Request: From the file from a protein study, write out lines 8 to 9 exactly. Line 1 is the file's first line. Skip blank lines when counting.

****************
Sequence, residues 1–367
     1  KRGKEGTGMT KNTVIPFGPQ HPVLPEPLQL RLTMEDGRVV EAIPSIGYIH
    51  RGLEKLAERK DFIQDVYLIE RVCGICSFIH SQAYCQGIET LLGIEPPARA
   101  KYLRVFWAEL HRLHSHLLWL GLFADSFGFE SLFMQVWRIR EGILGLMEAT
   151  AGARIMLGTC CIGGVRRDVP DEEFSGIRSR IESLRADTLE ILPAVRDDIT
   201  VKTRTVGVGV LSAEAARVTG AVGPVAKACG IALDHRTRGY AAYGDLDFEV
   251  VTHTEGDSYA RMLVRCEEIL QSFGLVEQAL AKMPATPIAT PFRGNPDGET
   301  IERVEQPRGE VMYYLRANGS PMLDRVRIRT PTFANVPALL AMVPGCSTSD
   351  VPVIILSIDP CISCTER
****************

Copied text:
   301  IERVEQPRGE VMYYLRANGS PMLDRVRIRT PTFANVPALL AMVPGCSTSD
   351  VPVIILSIDP CISCTER